Global hunt on to get a digital trailblazing boss for Ontario

digital boss2A  global hunt has begun for Ontario’s first Chief Digital Officer (CDO) to lead the province’s transformation to become the most open, transparent and digitally connected government in Canada.

The CDO and his digital trailblazing role was first announced in Ontario’s 2016 Budget, and is a critical milestone in the delivery of the government’s flagship digital strategy to make life easier for people by meeting their needs in the most convenient way, which is increasingly online, the government said in a statement.  The CDO will head up Ontario’s Digital Government Office, serve as Chair of the province’s first digital government board and partner with people across government and communities to lead transformation.

Approximately 90 per cent of people in Ontario use the internet to shop, find information, connect with one another, and learn new skills. Modernizing government for the digital age by delivering simple, easy-to-use and straightforward online services creates a better experience for citizens.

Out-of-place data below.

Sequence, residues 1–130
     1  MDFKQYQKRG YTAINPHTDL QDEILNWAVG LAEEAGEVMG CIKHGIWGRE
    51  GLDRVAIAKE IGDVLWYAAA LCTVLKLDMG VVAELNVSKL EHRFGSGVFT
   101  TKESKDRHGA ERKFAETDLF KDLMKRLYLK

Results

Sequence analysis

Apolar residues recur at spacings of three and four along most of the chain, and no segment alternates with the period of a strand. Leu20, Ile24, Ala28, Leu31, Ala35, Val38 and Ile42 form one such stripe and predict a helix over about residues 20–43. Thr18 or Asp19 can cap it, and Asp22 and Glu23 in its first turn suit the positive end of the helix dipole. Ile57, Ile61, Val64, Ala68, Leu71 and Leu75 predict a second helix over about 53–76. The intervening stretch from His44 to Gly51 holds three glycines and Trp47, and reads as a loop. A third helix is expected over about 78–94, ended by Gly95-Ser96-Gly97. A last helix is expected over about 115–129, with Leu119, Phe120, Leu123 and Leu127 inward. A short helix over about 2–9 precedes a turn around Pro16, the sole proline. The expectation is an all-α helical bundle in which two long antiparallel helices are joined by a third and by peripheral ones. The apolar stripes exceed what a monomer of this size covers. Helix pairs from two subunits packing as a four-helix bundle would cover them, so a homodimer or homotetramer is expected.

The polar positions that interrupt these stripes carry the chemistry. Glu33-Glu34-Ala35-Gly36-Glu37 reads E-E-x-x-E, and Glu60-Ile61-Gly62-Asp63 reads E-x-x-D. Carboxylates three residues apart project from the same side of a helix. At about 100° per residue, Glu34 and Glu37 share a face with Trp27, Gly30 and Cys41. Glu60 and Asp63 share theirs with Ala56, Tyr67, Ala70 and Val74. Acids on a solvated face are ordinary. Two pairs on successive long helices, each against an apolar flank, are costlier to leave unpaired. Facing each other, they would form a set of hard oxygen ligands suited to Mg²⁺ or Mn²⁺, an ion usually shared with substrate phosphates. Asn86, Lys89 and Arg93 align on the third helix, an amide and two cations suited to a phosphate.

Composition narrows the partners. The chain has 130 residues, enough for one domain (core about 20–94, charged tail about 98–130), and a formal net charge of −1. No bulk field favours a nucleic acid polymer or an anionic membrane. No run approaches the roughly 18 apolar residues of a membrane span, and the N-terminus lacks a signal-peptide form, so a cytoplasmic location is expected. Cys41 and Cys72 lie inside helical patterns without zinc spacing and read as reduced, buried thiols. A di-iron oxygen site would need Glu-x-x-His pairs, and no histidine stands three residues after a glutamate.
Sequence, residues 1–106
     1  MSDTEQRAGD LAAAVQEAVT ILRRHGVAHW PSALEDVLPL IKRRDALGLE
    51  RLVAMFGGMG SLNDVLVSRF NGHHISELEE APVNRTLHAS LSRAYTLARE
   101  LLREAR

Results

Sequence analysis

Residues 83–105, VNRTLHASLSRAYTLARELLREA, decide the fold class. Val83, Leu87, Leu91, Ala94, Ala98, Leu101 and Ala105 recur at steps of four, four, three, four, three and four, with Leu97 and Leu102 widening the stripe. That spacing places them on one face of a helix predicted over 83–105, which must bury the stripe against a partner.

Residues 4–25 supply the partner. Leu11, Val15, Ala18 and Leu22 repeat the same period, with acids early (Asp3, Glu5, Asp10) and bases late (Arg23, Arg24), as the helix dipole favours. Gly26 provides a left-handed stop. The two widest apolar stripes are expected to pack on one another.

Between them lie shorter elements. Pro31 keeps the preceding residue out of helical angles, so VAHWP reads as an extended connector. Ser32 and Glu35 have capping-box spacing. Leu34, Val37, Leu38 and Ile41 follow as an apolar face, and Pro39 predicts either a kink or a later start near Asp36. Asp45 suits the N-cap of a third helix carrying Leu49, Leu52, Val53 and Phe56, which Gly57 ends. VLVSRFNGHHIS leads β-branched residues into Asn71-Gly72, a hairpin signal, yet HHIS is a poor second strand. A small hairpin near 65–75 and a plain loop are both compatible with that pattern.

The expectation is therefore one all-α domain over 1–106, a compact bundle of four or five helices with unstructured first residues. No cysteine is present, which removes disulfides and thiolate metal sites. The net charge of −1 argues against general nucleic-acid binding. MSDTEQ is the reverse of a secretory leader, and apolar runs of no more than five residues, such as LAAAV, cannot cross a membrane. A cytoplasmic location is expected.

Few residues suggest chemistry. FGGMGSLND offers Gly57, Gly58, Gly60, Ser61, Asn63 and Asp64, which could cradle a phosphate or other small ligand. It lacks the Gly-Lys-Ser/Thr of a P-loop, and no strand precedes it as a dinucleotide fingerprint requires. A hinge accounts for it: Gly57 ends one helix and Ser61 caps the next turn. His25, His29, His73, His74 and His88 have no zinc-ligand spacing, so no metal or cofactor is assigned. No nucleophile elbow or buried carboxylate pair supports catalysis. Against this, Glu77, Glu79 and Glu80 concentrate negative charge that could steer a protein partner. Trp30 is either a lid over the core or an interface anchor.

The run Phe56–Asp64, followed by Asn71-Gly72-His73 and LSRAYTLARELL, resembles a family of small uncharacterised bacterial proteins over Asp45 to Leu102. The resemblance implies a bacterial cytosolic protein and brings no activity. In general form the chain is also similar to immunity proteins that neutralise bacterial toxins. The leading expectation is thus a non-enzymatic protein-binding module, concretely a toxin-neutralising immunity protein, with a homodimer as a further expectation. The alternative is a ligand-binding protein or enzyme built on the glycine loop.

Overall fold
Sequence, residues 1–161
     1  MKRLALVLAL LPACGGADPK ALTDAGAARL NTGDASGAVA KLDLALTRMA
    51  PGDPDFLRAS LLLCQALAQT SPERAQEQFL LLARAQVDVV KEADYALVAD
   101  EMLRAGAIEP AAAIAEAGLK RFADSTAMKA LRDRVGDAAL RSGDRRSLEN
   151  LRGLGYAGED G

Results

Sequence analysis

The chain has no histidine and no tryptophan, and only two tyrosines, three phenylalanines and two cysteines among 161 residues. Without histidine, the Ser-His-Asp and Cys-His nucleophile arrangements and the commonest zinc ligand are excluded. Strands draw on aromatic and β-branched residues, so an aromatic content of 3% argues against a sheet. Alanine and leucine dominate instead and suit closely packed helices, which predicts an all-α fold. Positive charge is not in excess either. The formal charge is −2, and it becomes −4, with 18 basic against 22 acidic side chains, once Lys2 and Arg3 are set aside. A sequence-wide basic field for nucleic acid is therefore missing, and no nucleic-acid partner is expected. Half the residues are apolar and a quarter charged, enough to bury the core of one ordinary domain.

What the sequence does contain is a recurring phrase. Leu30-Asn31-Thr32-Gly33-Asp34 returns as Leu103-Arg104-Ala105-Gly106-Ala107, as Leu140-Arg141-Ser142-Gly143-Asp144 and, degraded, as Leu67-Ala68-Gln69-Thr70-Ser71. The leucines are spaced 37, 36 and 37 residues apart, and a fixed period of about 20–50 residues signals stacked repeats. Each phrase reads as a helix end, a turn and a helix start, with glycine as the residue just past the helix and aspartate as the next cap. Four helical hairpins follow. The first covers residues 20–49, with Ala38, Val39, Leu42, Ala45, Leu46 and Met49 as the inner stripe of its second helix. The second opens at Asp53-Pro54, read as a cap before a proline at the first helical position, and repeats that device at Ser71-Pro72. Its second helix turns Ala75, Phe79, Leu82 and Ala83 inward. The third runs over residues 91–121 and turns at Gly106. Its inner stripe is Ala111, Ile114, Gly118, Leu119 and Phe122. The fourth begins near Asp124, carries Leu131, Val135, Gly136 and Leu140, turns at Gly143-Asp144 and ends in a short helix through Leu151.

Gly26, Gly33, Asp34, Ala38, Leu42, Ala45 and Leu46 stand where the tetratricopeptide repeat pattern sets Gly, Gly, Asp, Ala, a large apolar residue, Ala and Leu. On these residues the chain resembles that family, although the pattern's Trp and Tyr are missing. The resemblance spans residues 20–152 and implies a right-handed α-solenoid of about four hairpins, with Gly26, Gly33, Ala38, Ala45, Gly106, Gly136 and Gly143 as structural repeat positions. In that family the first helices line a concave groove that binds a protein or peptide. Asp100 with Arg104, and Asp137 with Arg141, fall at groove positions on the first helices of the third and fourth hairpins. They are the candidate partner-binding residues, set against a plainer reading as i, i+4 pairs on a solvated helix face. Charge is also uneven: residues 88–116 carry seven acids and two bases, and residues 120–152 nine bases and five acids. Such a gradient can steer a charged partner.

Deb Matthews, Deputy Premier, Minister of Advanced Education and Skills Development, Minister Responsible for Digital Government, said: “Public expectations have been shaped by their experiences using private-sector digital services, and we want to meet – or exceed – those expectations. This is a one-of-a-kind senior executive opportunity to reinvent government for the digital age.”

Ontario’s first CDO will have the important job of setting and executing a bold vision for Ontario through its Digital Government Action Plan–the province’s roadmap for change. This digital transformation will put people first and design faster, cheaper, and more convenient services using modern and emerging technologies.

The Chief Digital Officer is a Deputy Minister-level position and will report to the Secretary of the Cabinet and Head of the Ontario Public Service, and to Ontario’s first Minister Responsible for Digital Government.

  • Digital channels are the most common ways people seek out government information in Ontario. In 2014, 74 per cent of people visited a website, compared to 13 per cent who wrote a letter to a government department or agency.
  •—the government’s flagship website designed using industry-standard, modern and flexible technologies—has already resulted in quicker and easier access to government services and information, as well as $4 million in efficiencies to date. – CINEWS

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